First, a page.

The fate of the South Boston convention center expansion and its new hotel may be up in the air, but one thing should not be: the project’s diversity policy.
In fact, even without a shovel in the ground, a bold requirement on how to increase the participation of minorities and women in development and construction is turning heads both locally and nationally.
The game-changing difference: making diversity a major factor in awarding the $800 million hotel contract, not just a check-the-box component.
“I’ll be brutally blunt about when and where we pursue opportunities. We had not seen a healthy climate for minority businesses in Boston as far as for architects,” said Curtis Moody, chief executive of Moody Nolan, an architecture firm in Columbus, Ohio.
“When we see there is an effort like the convention center and the hotel, that is encouraging,” said Moody, who is black and whose firm is part of a bid led by local developers Jon Davis and Dean Stratouly and hotel consultant Robin Brown, who are white.
Moody’s firm has nearly 200 architects and eight offices around the country but has yet to do a project in Boston. If his team wins, Moody plans to open an office here. And even if his team loses, Moody is starting to have a different attitude about the city.
“We are taking a hard look at Boston,” he said.
For years, public projects have had diversity goals. For example, major capital projects funded by the state recommend that minority and female-owned businesses make up 10.4 percent of the construction contract and 17.9 percent of design services. The formula is based on a study of disparities, including in wages and finances, between companies owned by minorities, women, and white males in the construction industry.
But even with these guidelines, the region’s development and construction sectors remain dominated by white men — and often the same ones. Our idea of inclusion is that we now have Irish and Italian developers.
Along comes the Massachusetts Port Authority and the Massachusetts Convention Center Authority, which together will pick the winning bid to build a second convention center hotel. Massport owns the land on the South Boston Waterfront, where the hotel would be located.
Massport and the convention authority officials created a system that ranks bidders and makes diversity account for 25 percent of the score, compared with the typical 5 percent to 10 percent for public projects.
The agencies also asked bidders to include minorities and women in the development, financing, and ownership of the project — not just in construction and design.
“We delivered a very firm message,” said Jim Rooney, who helped craft the diversity requirement when he ran the convention center authority.
“There’s a new aspiration in town,” added Rooney, who now heads up the Greater Boston Chamber of Commerce. “It’s not just meeting the numbers. That’s the floor now.”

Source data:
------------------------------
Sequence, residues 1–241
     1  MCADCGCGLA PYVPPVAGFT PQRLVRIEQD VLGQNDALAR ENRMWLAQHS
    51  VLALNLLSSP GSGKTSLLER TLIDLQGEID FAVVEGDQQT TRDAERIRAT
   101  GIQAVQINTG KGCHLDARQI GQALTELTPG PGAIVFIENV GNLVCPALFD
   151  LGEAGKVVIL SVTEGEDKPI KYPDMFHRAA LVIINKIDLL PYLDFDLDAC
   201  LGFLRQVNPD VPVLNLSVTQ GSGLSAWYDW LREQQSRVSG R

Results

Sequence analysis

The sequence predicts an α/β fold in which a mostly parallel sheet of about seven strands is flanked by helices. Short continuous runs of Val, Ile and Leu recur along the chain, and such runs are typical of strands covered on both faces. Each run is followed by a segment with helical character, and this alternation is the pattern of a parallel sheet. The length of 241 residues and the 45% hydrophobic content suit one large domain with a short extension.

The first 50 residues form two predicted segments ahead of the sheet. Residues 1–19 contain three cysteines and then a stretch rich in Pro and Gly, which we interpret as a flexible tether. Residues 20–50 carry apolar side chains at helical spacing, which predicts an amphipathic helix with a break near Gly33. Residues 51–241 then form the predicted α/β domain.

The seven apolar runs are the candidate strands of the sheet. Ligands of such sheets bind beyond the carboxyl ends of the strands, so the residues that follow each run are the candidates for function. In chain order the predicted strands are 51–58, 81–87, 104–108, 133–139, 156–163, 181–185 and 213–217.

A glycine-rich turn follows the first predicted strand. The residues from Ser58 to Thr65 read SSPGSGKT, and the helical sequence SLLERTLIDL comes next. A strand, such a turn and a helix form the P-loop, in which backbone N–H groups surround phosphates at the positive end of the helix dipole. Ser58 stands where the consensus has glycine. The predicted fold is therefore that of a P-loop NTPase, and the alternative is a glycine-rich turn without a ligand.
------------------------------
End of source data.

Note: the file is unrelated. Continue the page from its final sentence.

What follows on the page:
Three teams turned in bids in February. Since then, Governor Charlie Baker has put the convention center expansion on hold, and Massport and convention center authority officials are reevaluating whether a 1,200-room hotel is needed.
But the novel approach to stepping up our game on diversity is already forcing people to think differently.
The Davis team, in addition to recruiting minority-owned firms like Moody Nolan and Boston-based Janey Construction Management, rounded up nearly two dozen minority investors who collectively contributed about $7 million to the project. They represent a “who’s who” of the people of color in town, including former US Senator Mo Cowan and the power couple Flash and Bennie Wiley.
Another team consists of local developers Dick Galvin and Kirk Sykes, who ended up forming a company called Accordia Partners that is actively bidding on projects throughout the city. Galvin is white, Sykes is black, and they have known each other for a decade, but it took the convention center hotel to make them business partners.
“Dick wanted to do more than win another big deal,” said Sykes. “Dick didn’t have a problem with me owning a majority share. We’re not here for this one deal. We’re here for a lot of deals.”
Already, Accordia, which was formed last year, has gone after five projects, including the high-profile redevelopment of the city-owned Winthrop garage near Downtown Crossing.
The final team is being led by black entrepreneur Norman Jenkins, the founder of Capstone, a hotel-focused development and acquisition company in Washington. He teamed up with Boston developer Joe Fallon, who is white and has worked with a partner of Jenkins.
Jenkins was a longtime Marriott International executive before going out on his own in 2008. He applauds the new diversity measurement and hopes other cities adopt a similar policy. The goal, in his mind, should be to create new minority-owned businesses.
“If it’s successful, you have development companies and firms that come out of these mandated structures, and not get a few guys rich,” he said. “You want it to result in three or four Capstones.”
For all of you wondering how Massport and the convention center authority came up with such a progressive policy, thank Massport board member Duane Jackson, himself a black developer who felt Boston hasn’t been as welcoming to minority-owned businesses.
Jackson started pushing the idea at the authority and quickly got support from Massport chief Tom Glynn.
It was also an easy sell to the convention center authority, run by Rooney, who has championed diversity and whose board chair at the time was Michelle Shell, a black woman.
In creating the policy, Jackson was thinking about his youngest son, who is in the real estate business, but in New York.
“I’d love to see him come back,” Jackson said. “He doesn’t think there is an opportunity in Boston.”
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